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Command-Line Input

You can ask users to provide input to a script as part of the command-line argument when the script is run. All three shells use the positional parameter $n to specify as many as nine command-line arguments (for example, $1, $2, $3, and so on). $0 is a legitimate variable, and returns the name of the command. Consider the following Bourne shell script, named tryit:


echo $#
for var in $*
     echo $var

NOTE:  With the Korn shell, you can use ${10}, ${11} . . . notation to recognize more than nine command-line arguments.

You can rewrite the tryit script in the following way to work with any of the three shells. You can use each of these command-line arguments to pass filenames or other information into a shell script from a command line.

NOTE:  For the C shell, you cannot use the echo $# statement in the script. Instead, you can use $#argv to hold the number of command-line arguments.

Instead of using $#argv, which is shown in later examples, echo $0 (which displays the name of the script) is substituted in the following example:

echo $Ø
echo $1
echo $2
echo $3

The resulting screen display lists the command-line arguments, as shown below:

oak% tryit one two three

NOTE:  The $n notation does not return an error if no parameters are provided as part of the command. Users do not need to supply command-line arguments, so you cannot be sure that $n will contain a value unless you check the number of positional parameters using $# for the Bourne and Korn shells.

The C shell provides additional syntax for positional parameters, as shown in Table 16-9.

Table 16-9 C Shell $argv Notation

Notation Description
$#argv Counts the number of command-line arguments.
$* Returns the value of all arguments.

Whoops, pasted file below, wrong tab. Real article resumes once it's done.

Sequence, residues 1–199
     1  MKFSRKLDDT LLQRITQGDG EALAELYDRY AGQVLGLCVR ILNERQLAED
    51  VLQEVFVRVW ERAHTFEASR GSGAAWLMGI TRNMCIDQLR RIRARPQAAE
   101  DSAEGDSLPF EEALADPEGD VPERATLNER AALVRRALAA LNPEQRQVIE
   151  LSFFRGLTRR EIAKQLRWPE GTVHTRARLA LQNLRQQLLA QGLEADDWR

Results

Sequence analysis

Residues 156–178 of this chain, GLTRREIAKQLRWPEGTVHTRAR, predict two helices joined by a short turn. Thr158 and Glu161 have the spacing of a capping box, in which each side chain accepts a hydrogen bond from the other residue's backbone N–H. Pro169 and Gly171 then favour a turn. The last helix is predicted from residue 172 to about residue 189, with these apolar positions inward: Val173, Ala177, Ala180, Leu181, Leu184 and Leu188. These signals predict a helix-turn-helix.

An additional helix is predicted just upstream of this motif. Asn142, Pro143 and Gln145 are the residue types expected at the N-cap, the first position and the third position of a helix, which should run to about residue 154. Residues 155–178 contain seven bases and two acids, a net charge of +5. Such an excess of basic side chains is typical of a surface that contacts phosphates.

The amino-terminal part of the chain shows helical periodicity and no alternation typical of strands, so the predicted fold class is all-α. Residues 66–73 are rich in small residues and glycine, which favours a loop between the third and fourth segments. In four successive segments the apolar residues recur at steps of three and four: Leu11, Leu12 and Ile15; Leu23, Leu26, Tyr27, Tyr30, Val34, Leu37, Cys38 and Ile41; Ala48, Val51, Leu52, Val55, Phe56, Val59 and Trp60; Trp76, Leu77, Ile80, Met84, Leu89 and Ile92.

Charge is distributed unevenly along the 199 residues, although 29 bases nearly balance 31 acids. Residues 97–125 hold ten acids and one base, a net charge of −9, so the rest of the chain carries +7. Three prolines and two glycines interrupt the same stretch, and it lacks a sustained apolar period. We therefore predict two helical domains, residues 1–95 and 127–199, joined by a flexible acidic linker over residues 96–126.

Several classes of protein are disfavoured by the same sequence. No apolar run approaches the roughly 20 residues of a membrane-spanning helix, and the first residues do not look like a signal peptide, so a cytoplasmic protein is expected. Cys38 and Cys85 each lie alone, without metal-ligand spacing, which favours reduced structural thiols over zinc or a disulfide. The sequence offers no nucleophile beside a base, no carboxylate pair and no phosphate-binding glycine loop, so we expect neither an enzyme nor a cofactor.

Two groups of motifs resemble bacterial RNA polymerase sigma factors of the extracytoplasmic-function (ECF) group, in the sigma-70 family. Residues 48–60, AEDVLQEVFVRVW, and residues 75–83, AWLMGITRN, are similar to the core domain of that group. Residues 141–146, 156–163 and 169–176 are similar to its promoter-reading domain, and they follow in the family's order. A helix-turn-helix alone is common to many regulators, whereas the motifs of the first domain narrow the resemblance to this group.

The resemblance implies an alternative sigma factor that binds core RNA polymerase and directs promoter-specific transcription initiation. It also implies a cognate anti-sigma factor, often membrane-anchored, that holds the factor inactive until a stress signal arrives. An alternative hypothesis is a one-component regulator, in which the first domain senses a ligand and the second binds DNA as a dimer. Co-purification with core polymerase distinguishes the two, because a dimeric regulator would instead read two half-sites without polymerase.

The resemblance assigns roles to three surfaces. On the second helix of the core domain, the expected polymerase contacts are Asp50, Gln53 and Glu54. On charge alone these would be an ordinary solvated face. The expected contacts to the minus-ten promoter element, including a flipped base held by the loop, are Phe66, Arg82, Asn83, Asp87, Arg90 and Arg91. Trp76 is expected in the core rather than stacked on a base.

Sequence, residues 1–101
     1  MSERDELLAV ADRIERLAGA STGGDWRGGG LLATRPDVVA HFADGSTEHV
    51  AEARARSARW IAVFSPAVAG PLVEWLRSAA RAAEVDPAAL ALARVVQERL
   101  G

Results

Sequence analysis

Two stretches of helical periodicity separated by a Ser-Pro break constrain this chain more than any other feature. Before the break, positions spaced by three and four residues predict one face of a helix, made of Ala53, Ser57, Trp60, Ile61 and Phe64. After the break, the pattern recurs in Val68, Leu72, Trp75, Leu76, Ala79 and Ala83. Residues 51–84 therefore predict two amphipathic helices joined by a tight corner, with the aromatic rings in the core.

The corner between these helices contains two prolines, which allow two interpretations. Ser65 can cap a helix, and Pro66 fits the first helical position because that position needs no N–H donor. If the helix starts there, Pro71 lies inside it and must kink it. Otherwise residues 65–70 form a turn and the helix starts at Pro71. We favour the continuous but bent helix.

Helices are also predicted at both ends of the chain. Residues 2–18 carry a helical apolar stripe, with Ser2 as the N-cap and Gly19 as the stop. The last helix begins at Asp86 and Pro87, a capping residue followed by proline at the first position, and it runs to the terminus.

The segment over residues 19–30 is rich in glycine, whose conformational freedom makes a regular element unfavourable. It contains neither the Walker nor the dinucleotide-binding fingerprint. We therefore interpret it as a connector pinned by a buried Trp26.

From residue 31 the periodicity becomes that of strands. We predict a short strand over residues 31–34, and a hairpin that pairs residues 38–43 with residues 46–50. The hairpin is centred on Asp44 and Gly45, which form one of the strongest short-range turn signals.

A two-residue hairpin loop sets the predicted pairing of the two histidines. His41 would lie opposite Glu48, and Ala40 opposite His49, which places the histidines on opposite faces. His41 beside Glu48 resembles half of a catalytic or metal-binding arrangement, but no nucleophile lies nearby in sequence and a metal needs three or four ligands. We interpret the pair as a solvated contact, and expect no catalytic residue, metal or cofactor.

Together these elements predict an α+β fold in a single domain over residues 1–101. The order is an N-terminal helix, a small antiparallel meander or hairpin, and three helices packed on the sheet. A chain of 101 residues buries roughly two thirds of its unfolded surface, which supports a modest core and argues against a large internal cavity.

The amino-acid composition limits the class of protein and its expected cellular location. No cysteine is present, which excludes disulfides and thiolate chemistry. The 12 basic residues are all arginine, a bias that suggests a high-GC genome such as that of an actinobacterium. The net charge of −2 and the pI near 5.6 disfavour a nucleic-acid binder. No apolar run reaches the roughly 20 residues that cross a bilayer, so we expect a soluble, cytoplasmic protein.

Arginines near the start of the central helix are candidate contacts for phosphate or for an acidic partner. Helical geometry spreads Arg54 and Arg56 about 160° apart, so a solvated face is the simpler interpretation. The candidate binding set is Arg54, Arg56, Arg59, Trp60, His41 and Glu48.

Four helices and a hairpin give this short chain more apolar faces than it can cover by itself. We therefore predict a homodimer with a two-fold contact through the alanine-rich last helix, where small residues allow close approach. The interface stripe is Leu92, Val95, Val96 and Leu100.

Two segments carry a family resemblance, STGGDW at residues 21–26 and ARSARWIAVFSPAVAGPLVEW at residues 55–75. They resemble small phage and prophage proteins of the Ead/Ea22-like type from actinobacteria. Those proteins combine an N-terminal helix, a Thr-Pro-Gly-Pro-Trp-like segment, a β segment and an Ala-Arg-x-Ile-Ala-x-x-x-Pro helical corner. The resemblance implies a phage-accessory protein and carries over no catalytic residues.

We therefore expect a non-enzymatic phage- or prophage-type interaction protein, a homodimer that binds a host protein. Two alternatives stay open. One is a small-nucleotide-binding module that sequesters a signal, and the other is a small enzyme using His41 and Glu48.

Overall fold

$argv Returns the value of all arguments.
$argv[1-3] Returns the value of arguments 1 through 3.
$0 Returns the command used to run the shell script.
$argv[n] Returns the nth argument.
$argv[$#argv} Returns the last argument.

The shell performs range checking on the $argv[n] syntax, but it does not on the $n syntax. If the shell does not find the word, you get the message Subscript out of range.

NOTE:  $argv[0] is not defined and does not return the name of the script as $0 does.

Table 16-10 shows an example script and the output.

Table 16-10 A Sample $argv Script and Its Output

Notation Description
#!/bin/csh -f oak$ argdemo one two three four
echo Number of args = $#argv Number of args = 4
echo All args= $* All args = one two three four
echo All args = $argv All args = one two three four
echo Args 1-3 = $argv[1-3] Args 1-3 = one two three
echo Name of script file = $0 Name of script file = argdemo
echo Script file\? = $argv[0] Script file ? =
echo Second arg = $argv[2] Second arg = two
echo Last arg = $argv[$#argv] Last arg = four
echo Fifth arg = $5 Fifth arg =
echo Fifth arg = $argv[5] Subscript out of range

Shifting Command-Line Arguments

You can use the shift command, which is built into all three shells, to manipulate the positional parameters in a script. The shift command moves each argument from $1 through $n to the left, changing the previous argument list. The shift command is particularly useful in processing positional parameters in while loops; you can use these commands together to process each positional parameter in turn.

In the following Bourne shell example, each argument is displayed in turn. The shift command shifts the list to the left, removing the leftmost value in the list, as shown in the following script:

while [ $# -ne Ø ]
    echo argument: $1

The following example shows the output of this script:

$ tryit one two three
argument: one
argument: two
argument: three

Because the shift command shifts the positional parameters, you need to use $1 in the script only if you want to display (or process) the command-line arguments. The following example shows how to shift positional parameters from a Bourne shell command line:

$ set a b c d e f g h i
$ while [ $# -gt Ø ]; do
> echo $*
> shift
> done
a b c d e f g h i
b c d e f g h i
c d e f g h i
d e f g h i
e f g h i
f g h i
g h i
h i

Refer to the section "Using while Loops" on page 346 for more information about while loops.

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